Alexandra Chacon was getting her 3-year-old son ready for preschool on Thursday, when a pair of strangers knocked on her door.
One of them was Rafael Rubalcava, a Student Attendance Review Board chair for Los Angeles Unified. “We’re here today because today is student recovery day,” he told her.
Rubalcava and Nisha Narsai both work for the school district. They were at Chacon’s home in South L.A. near USC on behalf of Manual Arts High School, where records show that Chacon’s 15-year-old son, Emilio, is supposed to be enrolled.
Thursday was L.A. Unified’s student recovery day, so they were one of 13 teams fanned out throughout the area around Manual Arts, knocking on the doors of students who appeared to have dropped out or had a high number of absences. At least six other schools in the district were performing the same tasks Thursday, with the goal of bringing students back to school. The district’s four-year high school dropout rate decreased from 24.7% for the class of 2010 to 17.4% for the class of 2014, according to the state Department of Education.
From Thursday through Tuesday, police have been asked not to give citations to students breaking truancy laws, which make it illegal for minors to be out in public without adults during school hours. The district’s police actually mostly stopped enforcing that rule with punitive actions in 2012, instead bringing most students to their schools and allowing the administration to find the root of the problem instead. This week, the district police also sent a request to about a dozen other law enforcement agencies in the area asking them to do the same, L.A. schools Police Chief Steven Zipperman said.
In the past six years since recovery day began (this year was the seventh), the district has seen almost 4,600 students return because of these home visits, LAUSD Board of Education President Steve Zimmer told volunteers Thursday morning. He and L.A. Mayor Eric Garcetti visited homes on Thursday, and Zimmer established the annual event with current Supt. Ray Cortines in 2009.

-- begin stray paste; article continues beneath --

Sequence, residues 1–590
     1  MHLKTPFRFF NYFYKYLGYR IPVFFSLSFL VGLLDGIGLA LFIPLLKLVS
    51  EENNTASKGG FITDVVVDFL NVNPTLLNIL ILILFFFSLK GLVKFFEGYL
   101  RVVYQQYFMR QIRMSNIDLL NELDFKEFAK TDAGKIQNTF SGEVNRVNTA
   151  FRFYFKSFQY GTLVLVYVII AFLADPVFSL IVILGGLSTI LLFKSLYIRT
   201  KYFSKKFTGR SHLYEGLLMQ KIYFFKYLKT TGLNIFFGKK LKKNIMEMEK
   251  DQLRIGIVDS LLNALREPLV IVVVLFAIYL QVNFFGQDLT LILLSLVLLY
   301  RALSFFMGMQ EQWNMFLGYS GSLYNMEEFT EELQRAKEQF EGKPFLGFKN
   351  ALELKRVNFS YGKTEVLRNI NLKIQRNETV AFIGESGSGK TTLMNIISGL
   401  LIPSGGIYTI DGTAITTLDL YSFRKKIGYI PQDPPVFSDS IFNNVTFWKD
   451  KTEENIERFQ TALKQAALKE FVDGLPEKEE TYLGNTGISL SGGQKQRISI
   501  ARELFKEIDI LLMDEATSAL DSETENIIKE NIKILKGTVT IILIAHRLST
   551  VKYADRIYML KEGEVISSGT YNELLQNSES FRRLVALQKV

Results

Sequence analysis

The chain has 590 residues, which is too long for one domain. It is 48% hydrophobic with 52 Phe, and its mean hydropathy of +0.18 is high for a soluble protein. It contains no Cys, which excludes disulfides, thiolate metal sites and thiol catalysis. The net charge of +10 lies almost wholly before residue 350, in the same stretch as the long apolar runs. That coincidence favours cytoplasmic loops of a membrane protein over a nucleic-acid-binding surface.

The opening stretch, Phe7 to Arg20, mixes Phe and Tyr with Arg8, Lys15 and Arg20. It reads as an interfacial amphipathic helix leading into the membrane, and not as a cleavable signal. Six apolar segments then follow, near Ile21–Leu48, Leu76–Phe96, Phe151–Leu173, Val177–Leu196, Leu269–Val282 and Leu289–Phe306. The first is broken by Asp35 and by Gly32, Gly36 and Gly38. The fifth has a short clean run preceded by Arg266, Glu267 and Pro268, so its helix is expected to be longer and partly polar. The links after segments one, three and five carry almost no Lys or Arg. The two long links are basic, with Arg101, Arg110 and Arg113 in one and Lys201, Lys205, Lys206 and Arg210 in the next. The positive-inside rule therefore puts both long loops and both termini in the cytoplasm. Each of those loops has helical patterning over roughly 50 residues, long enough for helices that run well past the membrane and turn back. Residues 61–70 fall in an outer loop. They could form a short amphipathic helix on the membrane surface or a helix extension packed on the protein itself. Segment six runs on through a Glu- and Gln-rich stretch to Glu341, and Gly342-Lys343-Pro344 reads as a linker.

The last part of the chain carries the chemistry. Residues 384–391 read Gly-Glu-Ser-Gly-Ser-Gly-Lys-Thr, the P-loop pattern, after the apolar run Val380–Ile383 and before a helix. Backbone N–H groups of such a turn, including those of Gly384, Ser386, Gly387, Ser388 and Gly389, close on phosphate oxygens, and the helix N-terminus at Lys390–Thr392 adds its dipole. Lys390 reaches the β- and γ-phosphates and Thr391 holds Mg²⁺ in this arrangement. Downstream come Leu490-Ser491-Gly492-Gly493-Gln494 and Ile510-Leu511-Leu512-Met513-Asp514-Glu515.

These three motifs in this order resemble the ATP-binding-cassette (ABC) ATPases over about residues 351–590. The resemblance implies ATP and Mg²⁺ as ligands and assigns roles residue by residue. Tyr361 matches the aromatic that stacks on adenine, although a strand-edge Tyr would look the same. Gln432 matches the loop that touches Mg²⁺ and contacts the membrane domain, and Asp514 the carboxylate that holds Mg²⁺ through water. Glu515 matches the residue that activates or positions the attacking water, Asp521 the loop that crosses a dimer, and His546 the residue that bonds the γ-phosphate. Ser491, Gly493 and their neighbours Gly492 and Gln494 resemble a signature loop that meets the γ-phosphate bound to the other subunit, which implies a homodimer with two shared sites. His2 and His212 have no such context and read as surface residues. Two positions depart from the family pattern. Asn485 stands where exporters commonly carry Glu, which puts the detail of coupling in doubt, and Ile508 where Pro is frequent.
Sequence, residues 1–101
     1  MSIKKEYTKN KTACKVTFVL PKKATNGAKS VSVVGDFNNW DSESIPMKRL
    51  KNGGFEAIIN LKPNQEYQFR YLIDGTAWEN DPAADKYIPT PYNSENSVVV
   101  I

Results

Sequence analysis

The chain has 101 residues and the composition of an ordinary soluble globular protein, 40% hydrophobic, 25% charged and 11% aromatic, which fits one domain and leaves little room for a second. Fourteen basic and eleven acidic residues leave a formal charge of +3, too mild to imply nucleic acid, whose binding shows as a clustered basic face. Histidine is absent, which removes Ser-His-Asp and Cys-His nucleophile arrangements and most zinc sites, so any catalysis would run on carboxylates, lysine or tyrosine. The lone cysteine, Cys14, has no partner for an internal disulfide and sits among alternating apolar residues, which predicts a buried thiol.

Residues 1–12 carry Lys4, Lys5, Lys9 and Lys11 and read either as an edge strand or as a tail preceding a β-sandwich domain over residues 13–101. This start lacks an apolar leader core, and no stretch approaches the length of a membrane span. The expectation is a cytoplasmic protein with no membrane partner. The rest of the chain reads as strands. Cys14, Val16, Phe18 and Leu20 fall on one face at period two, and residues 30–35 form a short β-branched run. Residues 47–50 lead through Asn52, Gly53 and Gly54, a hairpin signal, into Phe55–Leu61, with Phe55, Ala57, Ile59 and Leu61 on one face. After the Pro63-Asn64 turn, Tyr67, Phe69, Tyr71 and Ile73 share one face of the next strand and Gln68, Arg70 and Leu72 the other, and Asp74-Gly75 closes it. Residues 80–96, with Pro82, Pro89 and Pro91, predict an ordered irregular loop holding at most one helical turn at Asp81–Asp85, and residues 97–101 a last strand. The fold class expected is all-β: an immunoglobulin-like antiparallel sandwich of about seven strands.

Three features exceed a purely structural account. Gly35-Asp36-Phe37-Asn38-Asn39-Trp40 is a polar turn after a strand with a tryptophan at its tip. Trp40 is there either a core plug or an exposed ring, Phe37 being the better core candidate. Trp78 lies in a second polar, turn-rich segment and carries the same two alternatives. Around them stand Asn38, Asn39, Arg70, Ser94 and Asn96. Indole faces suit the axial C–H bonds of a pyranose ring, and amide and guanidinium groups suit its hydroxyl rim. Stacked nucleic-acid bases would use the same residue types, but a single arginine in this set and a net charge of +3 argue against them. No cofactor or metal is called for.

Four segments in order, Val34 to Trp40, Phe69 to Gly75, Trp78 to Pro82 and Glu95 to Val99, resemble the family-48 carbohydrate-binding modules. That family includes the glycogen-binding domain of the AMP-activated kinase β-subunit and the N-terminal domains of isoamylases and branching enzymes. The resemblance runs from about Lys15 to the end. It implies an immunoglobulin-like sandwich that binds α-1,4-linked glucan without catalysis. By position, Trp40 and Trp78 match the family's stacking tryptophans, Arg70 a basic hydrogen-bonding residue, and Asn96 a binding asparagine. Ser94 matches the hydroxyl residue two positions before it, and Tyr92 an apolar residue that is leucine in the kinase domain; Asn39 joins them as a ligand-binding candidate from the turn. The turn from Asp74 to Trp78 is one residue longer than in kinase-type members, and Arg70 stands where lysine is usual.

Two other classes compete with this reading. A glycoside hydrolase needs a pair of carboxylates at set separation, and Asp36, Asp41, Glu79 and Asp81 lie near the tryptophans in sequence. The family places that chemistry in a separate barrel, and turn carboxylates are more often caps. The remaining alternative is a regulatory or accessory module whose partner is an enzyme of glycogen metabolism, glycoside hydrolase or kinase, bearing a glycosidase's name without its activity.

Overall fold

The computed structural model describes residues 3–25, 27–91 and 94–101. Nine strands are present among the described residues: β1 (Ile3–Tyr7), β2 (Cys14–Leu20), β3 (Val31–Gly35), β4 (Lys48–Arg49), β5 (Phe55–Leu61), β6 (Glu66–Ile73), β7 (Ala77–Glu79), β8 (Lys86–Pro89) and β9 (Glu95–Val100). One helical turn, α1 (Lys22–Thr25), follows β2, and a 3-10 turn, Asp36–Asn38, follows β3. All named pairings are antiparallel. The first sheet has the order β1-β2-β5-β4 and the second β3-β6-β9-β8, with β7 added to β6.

Emilio was home on Thursday, but not because he dropped out. He transferred to an Opportunities for Learning charter school last year, after his mother caught him skipping class. The charter allows Emilio to study at home under his mother’s supervision, and go to the school a few times a week for classes and exams.
Chacon’s was one of nine homes that Narsai and Rubalcava visited on Thursday. At five of the homes, people weren’t home or didn’t answer, so they left a packet of resources wherever they could fit them—on the door, or wedged between grates of a gate.
In two of the homes where parents did answer, the situation was similar to Chacon’s — the students were enrolled, but at other schools. That is often the case, Narsai said. Recovery day also allows the schools to make their records more accurate, to find out where students have moved and why, if they didn’t drop out.
It’s also an opportunity to help the parents find services regardless of the school they’re attending now.
Evangelina Gutierrez, the last stop for Narsai and Rubalcava, said in Spanish that her son had also transferred out of Manual Arts last year for a nearby charter school, and she was moving him again this year to a high school with more resources. However, Gutierrez speaks Spanish and was worried about finding someone at the new school who would be able to help her. Narsai knows the pupil services and attendance counselors there who speak Spanish, and she gave Gutierrez their names.
There was only one home they visited where the student appeared to be a dropout, Narsai said. The student and his mother were home, and the school’s records showed that he had not enrolled in Manual Arts this year, meaning he was a dropout.
The student, dressed in pajamas, told them he had enrolled and that he wasn’t in school that day because he had run out of clothes.
The difference between the dropout recovery team and a school counselor is that the counselor might be more familiar with the student’s circumstances, and might have more information such as his transcript, which would inform the conversation.
“I think it’s challenging because we really can’t confirm anything,” Narsai said in an interview. “All we could show the mom was that according to the records we had, he wasn’t enrolled in school that year.”
The teen said he was interested in joining the military and Manual Arts wasn’t a good fit for him, Narsai recounted. So the volunteers directed him toward the youth services center, talked up the credits that he had completed and explained different high school completion options.
The mother told them she would take him to school herself, and Narsai and Rubalcava told her the school would be expecting him. The school’s counselor will follow up, Narsai said.
The role the volunteers play is similar to what the school’s counselors do every day, but recovery day allows them to do it on a larger scale and early in the year, said Luz Cubias, a pupil services and attendance counselor at Manual Arts. She says she calls homes if students don’t show up for three days, and does home visits if they miss a week.
But for this number of students, Cubias said Thursday, “it would have taken me weeks to find them.”
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